An editorial in the Philadelphia Inquirer complains that by filing for bankruptcy, the Diocese of Wilmington, Delaware has stalled the progress of sex-abuse lawsuits against the Church. The paper argues that the diocese should have allowed the suits to continue, thereby bringing out all the evidence against Church officials.
The Inquirer also endorses laws that have extended the statute of limitations for sex-abuse suits, and chastises Catholic prelates who have opposed those laws:
But church officials across the nation continue to fight statute moratoriums with specious claims that victims' lawsuits will lead to parish closings, and several dioceses have resorted to the dubious bankruptcy claim.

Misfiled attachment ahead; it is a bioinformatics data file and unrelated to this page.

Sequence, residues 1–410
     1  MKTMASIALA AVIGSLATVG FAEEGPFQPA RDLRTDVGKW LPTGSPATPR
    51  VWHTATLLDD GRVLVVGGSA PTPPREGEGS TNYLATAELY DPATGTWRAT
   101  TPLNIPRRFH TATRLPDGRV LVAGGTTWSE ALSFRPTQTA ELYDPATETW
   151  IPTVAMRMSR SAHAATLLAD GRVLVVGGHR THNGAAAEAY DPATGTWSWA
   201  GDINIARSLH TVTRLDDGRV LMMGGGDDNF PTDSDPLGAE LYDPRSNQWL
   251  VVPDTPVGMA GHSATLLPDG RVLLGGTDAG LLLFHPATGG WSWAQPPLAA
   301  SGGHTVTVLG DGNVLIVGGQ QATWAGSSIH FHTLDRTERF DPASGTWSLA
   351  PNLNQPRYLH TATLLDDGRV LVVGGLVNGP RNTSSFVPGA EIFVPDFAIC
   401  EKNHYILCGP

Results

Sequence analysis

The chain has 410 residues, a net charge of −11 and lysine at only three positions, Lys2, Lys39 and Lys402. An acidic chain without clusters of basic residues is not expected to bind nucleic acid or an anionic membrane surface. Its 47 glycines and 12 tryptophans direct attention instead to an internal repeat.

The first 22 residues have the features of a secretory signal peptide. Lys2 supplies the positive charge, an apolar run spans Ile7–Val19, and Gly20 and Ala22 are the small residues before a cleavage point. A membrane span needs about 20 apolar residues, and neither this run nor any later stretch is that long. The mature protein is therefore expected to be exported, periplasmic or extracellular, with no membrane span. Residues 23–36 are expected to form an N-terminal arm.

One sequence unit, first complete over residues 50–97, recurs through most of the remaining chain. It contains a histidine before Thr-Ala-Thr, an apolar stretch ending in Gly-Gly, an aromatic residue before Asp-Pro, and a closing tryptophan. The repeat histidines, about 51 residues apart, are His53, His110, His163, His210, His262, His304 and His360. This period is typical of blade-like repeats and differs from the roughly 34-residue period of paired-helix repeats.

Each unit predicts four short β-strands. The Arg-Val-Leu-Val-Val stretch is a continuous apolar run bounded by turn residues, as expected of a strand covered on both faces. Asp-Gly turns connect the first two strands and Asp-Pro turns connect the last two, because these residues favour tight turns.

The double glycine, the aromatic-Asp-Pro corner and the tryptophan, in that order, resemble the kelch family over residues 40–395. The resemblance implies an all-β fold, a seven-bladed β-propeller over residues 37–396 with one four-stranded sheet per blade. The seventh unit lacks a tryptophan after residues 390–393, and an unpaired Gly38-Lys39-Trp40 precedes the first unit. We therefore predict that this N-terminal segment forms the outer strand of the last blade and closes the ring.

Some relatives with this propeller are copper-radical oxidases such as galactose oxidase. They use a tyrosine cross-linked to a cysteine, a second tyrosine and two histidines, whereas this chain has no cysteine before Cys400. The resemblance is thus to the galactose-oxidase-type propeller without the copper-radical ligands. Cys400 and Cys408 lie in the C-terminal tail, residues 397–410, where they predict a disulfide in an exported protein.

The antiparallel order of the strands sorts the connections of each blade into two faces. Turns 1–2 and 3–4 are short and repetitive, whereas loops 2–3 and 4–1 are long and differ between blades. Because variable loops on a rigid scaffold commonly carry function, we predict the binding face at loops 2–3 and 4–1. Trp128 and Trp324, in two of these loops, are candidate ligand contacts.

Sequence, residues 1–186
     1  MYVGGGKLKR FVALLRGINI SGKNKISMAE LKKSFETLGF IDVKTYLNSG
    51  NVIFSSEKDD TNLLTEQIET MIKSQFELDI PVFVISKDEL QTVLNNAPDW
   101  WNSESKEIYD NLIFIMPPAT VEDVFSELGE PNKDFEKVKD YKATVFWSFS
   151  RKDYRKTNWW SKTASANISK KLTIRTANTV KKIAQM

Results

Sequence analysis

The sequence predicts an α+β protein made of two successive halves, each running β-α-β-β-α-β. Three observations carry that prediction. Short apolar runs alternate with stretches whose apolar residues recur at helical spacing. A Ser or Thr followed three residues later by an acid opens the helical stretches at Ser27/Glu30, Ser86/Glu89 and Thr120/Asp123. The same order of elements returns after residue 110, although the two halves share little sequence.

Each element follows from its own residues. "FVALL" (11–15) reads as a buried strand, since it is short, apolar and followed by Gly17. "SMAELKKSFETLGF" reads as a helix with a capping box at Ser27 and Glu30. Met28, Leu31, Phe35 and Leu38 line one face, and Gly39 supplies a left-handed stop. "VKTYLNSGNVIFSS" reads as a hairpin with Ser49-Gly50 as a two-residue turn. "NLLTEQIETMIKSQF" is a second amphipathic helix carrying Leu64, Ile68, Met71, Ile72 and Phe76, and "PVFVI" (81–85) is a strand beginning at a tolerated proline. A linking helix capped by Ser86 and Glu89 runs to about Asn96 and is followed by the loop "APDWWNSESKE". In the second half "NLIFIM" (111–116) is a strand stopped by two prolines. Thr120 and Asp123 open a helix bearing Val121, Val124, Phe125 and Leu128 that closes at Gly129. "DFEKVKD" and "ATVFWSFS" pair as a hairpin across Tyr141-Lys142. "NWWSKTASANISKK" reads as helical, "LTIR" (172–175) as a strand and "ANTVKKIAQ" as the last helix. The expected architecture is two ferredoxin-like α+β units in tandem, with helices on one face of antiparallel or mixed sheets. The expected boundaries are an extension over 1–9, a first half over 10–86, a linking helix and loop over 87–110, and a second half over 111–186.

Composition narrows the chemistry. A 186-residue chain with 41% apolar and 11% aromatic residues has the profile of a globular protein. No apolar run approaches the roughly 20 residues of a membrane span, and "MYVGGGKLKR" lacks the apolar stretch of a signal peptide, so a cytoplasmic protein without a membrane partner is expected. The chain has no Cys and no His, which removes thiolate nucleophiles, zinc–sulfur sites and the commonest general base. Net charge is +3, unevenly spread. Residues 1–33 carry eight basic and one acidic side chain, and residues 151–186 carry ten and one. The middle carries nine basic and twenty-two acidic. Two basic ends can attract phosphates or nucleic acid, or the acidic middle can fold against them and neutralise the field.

"Specious" claims? The wording of the editorial suggests that perhaps the Inquirer has not noticed the thousands of parish closings that have been carried out in the past ten years, in parishes all across America.
The decision to seek bankruptcy protection is a controversial one; powerful arguments can be made against that option. This isn't one of them.
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